Survey schedules


How often do you use (or recommend using) “immediate” surveys to gather feedback about recurring programs?

Do most libraries use “follow up” surveys for each program surveyed? If not, how do you determine which programs warrant a follow up with survey respondents?

Thank you so much,

Good question. I have not heard of any standard best practices on frequency of surveying. At Jacksonville Public Library, for our early literacy programs and maker programs we will take two full months of the year – one in spring and one in fall – and conduct surveys at every program offered throughout the system during that period. For computer/tech classes and general adult programs (the latter of which usually do not repeat), we are conducting surveys at the end of every event.

Hope this is helpful.


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Hi Amy,

All of the programmers in our library district sit down about once a year to strategically plan the surveys we will all do. For example, I plan our Adult programs, and our high time for those is Spring and Fall, so I will plan to do “Education & Lifelong Learning” surveys for those programs during those seasons. Other departments, such as our Youth Services, will plan to do the early education survey for their Summer Reading season. The goal of sitting down together is to make sure that we aren’t offering the same surveys all the time (the public would get frustrated!), and that we’re spreading out what type of person would get a survey at different types of the year. We don’t want to over-saturate the pool of people taking our surveys, so we spread out the survey types throughout the year.

We haven’t used the “follow up” surveys very much because we would need to collect contact information for the attendees, and we just haven’t taken on that task yet. The majority of our surveys are immediate.

Hope that helps!

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Hi Amy!

At Sno-Isle Libraries, though immediate surveys are available to all programming staff to use at their discretion, we have a schedule for those programs that we are collecting immediate survey date for to contribute to organizational outcomes for our strategic service plans. For some program areas, that will be every program in a series (Write Now, publishing/writing series) or it will be all the programs in a service area for a selected time period (all preschool storytimes for a week in the Spring and a week in the fall).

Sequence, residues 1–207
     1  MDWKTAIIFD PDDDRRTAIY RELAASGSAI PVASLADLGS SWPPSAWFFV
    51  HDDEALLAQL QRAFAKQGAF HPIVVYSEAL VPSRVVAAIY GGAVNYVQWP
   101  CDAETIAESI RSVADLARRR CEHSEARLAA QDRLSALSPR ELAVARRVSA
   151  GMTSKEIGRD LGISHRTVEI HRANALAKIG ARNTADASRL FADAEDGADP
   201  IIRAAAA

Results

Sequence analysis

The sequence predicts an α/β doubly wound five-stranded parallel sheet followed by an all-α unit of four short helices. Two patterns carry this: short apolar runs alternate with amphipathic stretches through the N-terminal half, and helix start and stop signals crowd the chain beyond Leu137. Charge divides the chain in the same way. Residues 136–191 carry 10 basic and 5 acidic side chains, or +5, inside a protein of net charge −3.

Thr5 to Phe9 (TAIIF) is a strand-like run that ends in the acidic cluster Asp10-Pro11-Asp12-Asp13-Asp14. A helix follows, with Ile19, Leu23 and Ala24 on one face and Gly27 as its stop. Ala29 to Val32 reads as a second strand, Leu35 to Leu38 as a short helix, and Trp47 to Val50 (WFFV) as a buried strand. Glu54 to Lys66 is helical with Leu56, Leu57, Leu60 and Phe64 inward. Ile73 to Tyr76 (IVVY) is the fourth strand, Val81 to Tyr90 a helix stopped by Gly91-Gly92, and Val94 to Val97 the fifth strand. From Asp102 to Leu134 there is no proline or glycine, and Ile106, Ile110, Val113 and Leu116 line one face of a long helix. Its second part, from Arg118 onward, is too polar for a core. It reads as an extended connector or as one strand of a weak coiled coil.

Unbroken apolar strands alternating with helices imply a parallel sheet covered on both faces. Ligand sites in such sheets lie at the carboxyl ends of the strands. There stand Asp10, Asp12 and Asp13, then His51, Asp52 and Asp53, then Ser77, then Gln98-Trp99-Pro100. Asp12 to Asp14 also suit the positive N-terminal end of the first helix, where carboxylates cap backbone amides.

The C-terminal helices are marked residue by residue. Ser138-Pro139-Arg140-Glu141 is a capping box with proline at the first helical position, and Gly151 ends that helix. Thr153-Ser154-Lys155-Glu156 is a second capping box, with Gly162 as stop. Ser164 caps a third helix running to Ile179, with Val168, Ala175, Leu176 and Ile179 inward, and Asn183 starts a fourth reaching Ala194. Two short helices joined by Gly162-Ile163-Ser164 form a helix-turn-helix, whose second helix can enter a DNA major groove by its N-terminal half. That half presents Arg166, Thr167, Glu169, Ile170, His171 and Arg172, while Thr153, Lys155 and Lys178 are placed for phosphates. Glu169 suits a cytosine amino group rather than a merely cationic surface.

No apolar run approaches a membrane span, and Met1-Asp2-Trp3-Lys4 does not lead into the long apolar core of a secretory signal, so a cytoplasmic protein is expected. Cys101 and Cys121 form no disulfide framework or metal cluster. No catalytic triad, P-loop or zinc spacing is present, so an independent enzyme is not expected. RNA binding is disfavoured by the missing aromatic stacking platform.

We do NOT do follow-up surveys for every program. We do collect email addresses and send follow-up surveys for those programs where we feel we expect to see or can get a better measure of the outcomes for attendees after a program takes place. For example, our goal is to send follow-up surveys for digital literacy programs within two weeks of the program occurrence but with business services programs, the follow-up survey schedule is 6 months, 12 months, and 18 months.

Like @srausch, we feel the need to be deliberate with the big picture of survey schedules. We are also getting to the point at which we think survey outcomes are validated with repetition and we can make decisions about what NOT to survey any more. And we still have a lot to learn and develop!! To date, we’ve had a sporadic implementation, but every year we’re getting better and more targeted.

Stay in touch if you’d like to talk more! ~Christa

Thank you to everyone who has responded and to anyone who may yet respond! :grinning:

It helps to hear what others are doing and why. My library began using Project Outcome surveys in 2017, but this is all rather new to me. I truly appreciate your willingness to share what you have found works for your library, patrons, and staff.